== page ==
When it comes to fish dishes, why mess around trying to prepare the strange concoctions of celebrity chefs, when the original recipes are best?
The real experts are the ones who use their fishing reels to catch the ingredients. So let’s take a look at some traditional fisherman’s fare – reel fish dishes!
This creamy fish dish originates in New England. A simple soup of potatoes, onion, a little bacon, butter and clams – it is the taste of the sea.
Fishermen would have used any fish and shellfish to make the dish but over time, chowder has evolved to become the eponymous clam dish.
There are several versions – including a New York derivative that includes tomatoes in the recipe. This so enraged devotes of the original chowder that in 1939, the legislature in Maine made the addition of tomatoes to clam chowder – illegal.
For your ‘legal’ New England Clam Chowder recipe click here.
Legend has it that Venus the Roman Goddess of love, fed her husband Vulcan the God of fire, bouillabaisse to ensure that he nodded off. Once he was sound asleep, off she went cavorting with none other than that dashing God of war, Mars.
More down to earth sources point to Marseille as the city of origin for this delicious fisherman’s stew.
The fish are only a bit part player in the drama of flavours that make up a sumptuous bouillabaisse. A unique blend of ingredients including saffron, fennel seeds and gruyère, have led the dish to be described as a ‘magical synthesis’.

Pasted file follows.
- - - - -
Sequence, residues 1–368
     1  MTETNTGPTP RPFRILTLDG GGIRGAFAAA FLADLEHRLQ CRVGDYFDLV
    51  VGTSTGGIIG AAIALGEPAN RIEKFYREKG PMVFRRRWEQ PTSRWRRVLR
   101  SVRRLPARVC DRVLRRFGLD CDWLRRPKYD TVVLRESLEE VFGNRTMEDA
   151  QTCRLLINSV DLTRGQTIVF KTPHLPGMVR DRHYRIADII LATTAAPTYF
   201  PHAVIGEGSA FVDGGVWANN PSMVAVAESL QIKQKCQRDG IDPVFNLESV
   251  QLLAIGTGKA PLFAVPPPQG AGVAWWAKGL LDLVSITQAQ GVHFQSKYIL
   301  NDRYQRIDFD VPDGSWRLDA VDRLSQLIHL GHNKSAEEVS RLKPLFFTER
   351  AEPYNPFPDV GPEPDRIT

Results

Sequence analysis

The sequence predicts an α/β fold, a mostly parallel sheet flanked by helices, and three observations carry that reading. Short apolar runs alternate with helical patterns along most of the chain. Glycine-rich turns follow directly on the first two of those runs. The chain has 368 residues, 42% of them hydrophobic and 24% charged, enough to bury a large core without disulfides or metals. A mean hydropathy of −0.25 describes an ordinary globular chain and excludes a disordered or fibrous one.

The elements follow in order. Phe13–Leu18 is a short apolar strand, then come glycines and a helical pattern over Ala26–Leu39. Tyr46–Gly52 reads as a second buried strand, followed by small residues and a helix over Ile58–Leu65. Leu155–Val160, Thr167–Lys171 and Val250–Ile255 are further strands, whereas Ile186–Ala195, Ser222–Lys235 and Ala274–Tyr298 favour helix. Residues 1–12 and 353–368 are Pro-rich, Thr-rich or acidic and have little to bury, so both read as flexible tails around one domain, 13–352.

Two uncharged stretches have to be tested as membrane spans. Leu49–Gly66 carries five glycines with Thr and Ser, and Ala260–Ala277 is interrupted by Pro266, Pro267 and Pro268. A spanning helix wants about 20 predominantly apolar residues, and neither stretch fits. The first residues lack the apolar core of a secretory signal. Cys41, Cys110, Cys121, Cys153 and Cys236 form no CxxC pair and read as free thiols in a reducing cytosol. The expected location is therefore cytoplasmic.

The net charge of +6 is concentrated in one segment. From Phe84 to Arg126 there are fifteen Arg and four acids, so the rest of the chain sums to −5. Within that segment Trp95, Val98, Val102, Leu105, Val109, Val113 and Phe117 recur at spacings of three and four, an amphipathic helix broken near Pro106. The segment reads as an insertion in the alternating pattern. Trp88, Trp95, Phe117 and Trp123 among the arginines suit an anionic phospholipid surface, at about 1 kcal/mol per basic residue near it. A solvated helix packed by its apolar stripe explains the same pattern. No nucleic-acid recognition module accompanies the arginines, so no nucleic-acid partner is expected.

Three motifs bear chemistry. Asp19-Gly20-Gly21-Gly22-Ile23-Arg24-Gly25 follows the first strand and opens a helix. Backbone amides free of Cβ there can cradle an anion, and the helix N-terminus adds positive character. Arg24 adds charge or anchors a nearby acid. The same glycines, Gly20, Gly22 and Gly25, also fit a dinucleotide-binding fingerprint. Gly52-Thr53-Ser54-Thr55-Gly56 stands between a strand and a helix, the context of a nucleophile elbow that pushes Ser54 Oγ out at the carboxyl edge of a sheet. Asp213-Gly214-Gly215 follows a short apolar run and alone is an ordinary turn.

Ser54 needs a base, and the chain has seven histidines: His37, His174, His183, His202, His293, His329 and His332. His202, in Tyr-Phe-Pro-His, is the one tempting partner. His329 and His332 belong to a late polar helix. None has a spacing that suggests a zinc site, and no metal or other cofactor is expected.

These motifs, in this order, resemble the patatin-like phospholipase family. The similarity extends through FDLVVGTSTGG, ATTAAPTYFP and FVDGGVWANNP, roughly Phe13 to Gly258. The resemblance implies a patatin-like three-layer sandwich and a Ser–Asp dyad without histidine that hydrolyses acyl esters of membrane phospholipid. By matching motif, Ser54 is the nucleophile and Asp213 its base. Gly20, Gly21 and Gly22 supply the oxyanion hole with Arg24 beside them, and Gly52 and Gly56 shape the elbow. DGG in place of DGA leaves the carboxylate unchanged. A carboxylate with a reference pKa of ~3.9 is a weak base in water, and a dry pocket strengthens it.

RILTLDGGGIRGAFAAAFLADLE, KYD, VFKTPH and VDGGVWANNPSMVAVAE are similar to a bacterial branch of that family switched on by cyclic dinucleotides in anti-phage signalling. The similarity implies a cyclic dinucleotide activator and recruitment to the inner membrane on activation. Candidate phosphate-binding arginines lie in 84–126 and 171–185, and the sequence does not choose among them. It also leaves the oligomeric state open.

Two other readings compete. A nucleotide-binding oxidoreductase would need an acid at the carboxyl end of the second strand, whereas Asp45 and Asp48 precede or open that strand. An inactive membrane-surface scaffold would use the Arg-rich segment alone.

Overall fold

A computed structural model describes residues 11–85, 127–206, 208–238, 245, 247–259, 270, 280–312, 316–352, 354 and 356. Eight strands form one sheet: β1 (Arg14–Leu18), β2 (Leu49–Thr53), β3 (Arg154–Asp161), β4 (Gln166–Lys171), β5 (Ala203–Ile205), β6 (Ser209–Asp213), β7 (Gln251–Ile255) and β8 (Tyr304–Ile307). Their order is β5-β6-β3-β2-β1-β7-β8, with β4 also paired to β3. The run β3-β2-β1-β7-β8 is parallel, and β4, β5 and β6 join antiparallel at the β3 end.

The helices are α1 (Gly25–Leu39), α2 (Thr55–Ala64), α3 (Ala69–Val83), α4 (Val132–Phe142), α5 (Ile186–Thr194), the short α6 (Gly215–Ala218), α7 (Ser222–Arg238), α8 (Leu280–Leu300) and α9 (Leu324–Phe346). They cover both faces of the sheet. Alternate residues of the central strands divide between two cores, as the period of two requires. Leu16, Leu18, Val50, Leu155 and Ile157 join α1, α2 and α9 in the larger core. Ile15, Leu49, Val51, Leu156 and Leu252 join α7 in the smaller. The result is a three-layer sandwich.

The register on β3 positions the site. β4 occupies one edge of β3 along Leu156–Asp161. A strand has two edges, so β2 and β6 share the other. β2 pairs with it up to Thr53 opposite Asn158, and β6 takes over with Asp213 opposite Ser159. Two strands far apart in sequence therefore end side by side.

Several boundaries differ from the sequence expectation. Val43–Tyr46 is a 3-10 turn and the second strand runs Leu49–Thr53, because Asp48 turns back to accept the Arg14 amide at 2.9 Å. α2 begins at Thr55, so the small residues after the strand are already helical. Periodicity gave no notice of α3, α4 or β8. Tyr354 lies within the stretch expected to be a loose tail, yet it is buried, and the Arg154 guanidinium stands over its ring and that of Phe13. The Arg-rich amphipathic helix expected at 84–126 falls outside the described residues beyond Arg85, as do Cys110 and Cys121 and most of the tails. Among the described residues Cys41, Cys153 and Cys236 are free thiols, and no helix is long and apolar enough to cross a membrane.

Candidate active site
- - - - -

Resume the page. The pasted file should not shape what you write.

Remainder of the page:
Fancy feeding your god of fire with some fisherman’s stew? You’ll find a fantastic Bouillabaise recipe here.
A fusion of African, European and North American cookery, a decent cajun gumbo includes meat, fish and shrimps cooked in a thick, strongly flavoured stock. Add celery, bell peppers and onions and you’re in for a treat.
The sauce is thickened by a variety of means – okra, a flour and fat ‘roux’, or filé – dried, powdered sassafras leaves which also add a spicy zing. This delight of the deep South developed during the 18th century and is the official dish of Louisiana.
Cook up a Cajun storm with this seafood gumbo recipe.
Stargazy pie is a famous Cornish dish consisting of Pilchards baked with eggs and potatoes under a pastry top. Stargazy get’s it’s name from the fish heads that poke through the pie crust.
This delight of South West England is traditionally eaten in the tiny fishing village of Mousehole, as part of Tom Bawcock’s eve celebrations on 23rd December. Tom is reputed to have saved the inhabitants from famine by bringing home a bumper catch from the stormy winter seas, just in the nick of time.
For a taste of the South West, get stuck in to this wholesome Stargazy Pie recipe.
Fish and chips
The ubiquitous British fish dish came about as a result of the industrial revolution.
The advent of beam trawling in the North sea, greatly increased the size of the catch. At the same time, the spread across the country of the railways, enabled the swift transportation of fish to market in the big cities.
The first fish and chip shop was opened by John Malin in London in 1860, and the fast food industry was born. Incidentally, fish and chips were one of the only foodstuffs not rationed during the second world war.